Seven-hundred miles of Pacific Crest Trail and the California desert are now behind me.
But before we discuss my entry into bear country, let us take a look back at some of the highlights from the first forty days on the trail.
- Days since Mexico: 40
- Miles hiked: 700
- Days camped: 28
- Days camped alone: 5
- Zero days: 6
- Near-o days: 3
- Days slept off trail: 12
- Miles per day: 19.36
- Miles per day (including zero days): 16.46
- Longest day: 33
Although the desert does not typically coincide with the image of a mountainous landscape, the first 700 miles of the PCT are far from flat (generally, if you are not going either up or down, chances are you have wandered off-trail).
Water sources are few and far between; I carried as many as six liters at a time. The much-needed water caches provided by various trail angels are necessary for keeping hikers alive in this stretch (but do not catch yourself relying on them).
After two solo night hikes and a two-hour stint of being lost in the daylight, I have decided never to solo night hike again. I have also come to the realization that despite my love for hiking solo I do not enjoy camping this way (the boogieman is out there). I hope the desert has adequately prepared me for the Sierra.
My stops since the border have included the following:
- Mount Laguna (on-trail, brief stop for snacks)
- Warner Springs (one night at trail angel house and resupply box pickup)
- Idyllwild (two nights, one zero day, and small resupply from market)
- Ziggy and The Bear's (on night at trail angel house in Cabazon and resupply box pickup)
- Big Bear (hitch to town, one night, no resupply)
- Wrightwood (two nights, one zero, driven to Victorville, resupply at supermarket)
- Agua Dulce (three nights, two zeros, driven to Palmdale, resupply at supermarket)
- Hiker Town (on-trail, brief stop, no resupply)
- Mojave (hitch to town, two nights, one zero, resupply at supermarket)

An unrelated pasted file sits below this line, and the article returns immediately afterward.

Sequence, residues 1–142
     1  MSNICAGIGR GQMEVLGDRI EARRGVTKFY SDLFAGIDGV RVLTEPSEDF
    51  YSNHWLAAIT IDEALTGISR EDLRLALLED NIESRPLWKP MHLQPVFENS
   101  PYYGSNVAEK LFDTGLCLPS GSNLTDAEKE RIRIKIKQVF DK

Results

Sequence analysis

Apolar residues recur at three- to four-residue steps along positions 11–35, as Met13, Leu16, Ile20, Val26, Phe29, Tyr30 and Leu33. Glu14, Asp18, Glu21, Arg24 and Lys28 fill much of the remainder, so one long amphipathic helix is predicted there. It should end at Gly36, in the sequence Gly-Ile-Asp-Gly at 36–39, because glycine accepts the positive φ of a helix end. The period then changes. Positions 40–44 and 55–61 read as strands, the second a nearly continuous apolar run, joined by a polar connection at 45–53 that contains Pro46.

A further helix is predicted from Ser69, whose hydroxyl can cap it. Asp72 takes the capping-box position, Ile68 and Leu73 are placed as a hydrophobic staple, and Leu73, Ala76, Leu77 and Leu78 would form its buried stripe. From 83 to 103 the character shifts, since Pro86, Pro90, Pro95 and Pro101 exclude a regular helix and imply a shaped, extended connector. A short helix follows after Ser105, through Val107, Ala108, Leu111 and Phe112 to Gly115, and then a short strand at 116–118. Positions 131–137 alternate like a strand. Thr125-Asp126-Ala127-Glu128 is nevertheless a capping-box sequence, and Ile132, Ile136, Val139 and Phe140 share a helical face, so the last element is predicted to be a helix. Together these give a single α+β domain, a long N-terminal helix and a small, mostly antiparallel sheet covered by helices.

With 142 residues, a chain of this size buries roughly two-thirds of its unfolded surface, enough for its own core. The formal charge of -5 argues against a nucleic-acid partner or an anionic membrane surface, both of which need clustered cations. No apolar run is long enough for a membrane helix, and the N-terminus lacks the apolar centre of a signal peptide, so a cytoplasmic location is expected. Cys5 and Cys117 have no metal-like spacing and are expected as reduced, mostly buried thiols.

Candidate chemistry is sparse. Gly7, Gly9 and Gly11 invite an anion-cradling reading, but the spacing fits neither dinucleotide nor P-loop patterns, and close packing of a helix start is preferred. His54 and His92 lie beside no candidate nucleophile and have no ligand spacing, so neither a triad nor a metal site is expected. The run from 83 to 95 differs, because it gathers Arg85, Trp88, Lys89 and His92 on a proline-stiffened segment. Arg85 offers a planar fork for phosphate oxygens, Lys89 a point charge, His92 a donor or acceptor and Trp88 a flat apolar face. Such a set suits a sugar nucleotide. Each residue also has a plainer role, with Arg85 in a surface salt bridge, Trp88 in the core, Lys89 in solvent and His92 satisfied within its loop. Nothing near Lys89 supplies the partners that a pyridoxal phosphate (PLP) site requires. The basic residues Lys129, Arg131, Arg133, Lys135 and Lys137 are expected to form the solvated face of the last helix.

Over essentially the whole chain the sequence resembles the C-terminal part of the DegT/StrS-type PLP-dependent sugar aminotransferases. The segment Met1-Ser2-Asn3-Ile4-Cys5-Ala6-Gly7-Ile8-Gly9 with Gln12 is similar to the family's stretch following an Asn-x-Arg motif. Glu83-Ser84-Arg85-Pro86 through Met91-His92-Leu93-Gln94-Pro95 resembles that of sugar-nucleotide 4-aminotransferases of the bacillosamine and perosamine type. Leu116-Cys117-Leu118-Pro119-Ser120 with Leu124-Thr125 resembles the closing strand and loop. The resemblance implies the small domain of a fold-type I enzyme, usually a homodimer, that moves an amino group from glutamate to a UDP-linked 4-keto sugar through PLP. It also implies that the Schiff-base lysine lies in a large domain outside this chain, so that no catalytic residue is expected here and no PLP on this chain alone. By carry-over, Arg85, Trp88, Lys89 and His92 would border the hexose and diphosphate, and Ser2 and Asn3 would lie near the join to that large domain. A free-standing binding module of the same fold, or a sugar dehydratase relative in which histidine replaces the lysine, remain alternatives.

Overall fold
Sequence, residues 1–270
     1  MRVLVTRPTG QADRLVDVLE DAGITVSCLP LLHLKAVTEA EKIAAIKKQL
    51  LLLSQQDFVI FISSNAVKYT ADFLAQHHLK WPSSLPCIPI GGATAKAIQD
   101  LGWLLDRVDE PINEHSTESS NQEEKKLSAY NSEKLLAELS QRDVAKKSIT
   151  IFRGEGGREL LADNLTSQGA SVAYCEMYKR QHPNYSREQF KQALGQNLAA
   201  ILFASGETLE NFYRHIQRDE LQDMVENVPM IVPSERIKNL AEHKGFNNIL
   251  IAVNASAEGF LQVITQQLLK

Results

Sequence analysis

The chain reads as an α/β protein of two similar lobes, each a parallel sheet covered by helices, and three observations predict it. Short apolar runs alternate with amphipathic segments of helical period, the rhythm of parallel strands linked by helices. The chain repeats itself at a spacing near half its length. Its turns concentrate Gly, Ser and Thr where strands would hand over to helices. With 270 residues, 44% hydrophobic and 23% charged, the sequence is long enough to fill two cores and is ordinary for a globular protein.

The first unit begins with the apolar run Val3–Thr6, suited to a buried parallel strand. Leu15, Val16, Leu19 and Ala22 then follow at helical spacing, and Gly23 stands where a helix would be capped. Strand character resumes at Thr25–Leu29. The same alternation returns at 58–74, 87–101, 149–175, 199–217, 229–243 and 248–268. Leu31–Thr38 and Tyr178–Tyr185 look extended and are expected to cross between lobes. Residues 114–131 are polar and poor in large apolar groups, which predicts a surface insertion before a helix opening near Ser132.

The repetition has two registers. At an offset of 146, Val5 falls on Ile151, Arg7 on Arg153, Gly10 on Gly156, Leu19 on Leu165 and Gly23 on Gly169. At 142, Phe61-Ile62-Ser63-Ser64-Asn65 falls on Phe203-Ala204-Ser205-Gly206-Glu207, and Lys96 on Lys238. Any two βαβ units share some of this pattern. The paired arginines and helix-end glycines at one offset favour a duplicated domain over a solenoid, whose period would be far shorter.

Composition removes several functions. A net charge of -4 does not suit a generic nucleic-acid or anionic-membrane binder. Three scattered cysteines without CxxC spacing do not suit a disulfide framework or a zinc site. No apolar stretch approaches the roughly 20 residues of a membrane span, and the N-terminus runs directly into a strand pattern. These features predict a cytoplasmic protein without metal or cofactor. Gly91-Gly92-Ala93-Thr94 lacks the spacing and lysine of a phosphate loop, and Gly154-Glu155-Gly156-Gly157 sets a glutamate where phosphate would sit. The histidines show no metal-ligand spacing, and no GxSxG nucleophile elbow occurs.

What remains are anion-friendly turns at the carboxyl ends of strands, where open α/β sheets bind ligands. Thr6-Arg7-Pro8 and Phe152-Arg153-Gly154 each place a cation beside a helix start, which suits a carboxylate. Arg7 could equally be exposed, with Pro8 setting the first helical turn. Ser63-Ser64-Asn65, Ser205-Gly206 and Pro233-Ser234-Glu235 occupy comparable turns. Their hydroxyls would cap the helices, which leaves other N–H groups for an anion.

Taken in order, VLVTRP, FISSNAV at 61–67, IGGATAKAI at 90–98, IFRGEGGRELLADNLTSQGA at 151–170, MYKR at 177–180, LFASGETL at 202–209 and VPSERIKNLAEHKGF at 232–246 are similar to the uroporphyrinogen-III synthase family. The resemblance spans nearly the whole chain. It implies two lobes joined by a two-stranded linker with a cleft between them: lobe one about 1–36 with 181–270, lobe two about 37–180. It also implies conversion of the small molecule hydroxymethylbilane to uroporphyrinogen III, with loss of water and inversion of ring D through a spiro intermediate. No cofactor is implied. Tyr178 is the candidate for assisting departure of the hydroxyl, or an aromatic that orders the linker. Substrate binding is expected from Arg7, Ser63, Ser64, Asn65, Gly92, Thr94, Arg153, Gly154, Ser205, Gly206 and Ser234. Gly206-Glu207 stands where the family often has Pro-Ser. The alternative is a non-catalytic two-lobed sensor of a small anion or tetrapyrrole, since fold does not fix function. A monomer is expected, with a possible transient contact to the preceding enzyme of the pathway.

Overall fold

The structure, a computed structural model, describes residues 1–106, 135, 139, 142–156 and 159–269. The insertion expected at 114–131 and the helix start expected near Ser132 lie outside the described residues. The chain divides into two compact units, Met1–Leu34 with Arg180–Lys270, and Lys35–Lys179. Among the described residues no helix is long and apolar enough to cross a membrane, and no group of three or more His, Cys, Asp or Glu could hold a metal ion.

- Lake Isabella (difficult hitch to town, one night, resupply at supermarket)
- Kennedy Meadows (two nights, one zero, resupply box pickup)
Animals in the desert are more bountiful than you may think (although the mammals are few and far between). My one regret is that I never had fortune enough to find myself in the presence of the mystical Gopherus agassizii, or desert tortoise.
However, I have seen three total bears (two caged grizzlies and a wild black bear), a tiger (yes, a tiger), a bobcat, a fox, countless rattlesnakes (among other less-intimidating snakes), deer, cows (huge and horrifying they are), a scorpion (yes, only one), frogs, kangaroo mice, jackrabbits, lizards, horny toads, horrifying flying insects, coyotes, skunks, squirrels, and more.
Most of my gear has held up well until this point with a few exceptions. The socks provided to me by KEEN have proven to be worthless after only one hundred and eighty miles. More on this here.
My tent has proven quite spectacular, as have my sleeping bag and sleeping pad (yet the bag has become quite smelly – with no wash in sight). My backpack (Osprey Atmos 65) was swapped out at REI after the two zippers on the front broke within a week of starting down the trail.
Literally pounds of unused gear have been sent home including: extra electronics, batteries, medical supplies, camera mounts, clothing, cleaning supplies, and my compass.
My sandals have been swapped out for crocs and my shoes are now too small for my swollen feet (a half-size larger will fit perfectly).
There is something to be said about the desert portion of the PCT and it is something that many people would only subject themselves to once (although looking back, the desert was quite exciting, but that could be the heat stroke talking). The trail has already become a mental struggle but I am sure that after climbing my first ten thousand foot peak tomorrow the Sierra will remind my body that I am still green in the eyes of the mighty PCT.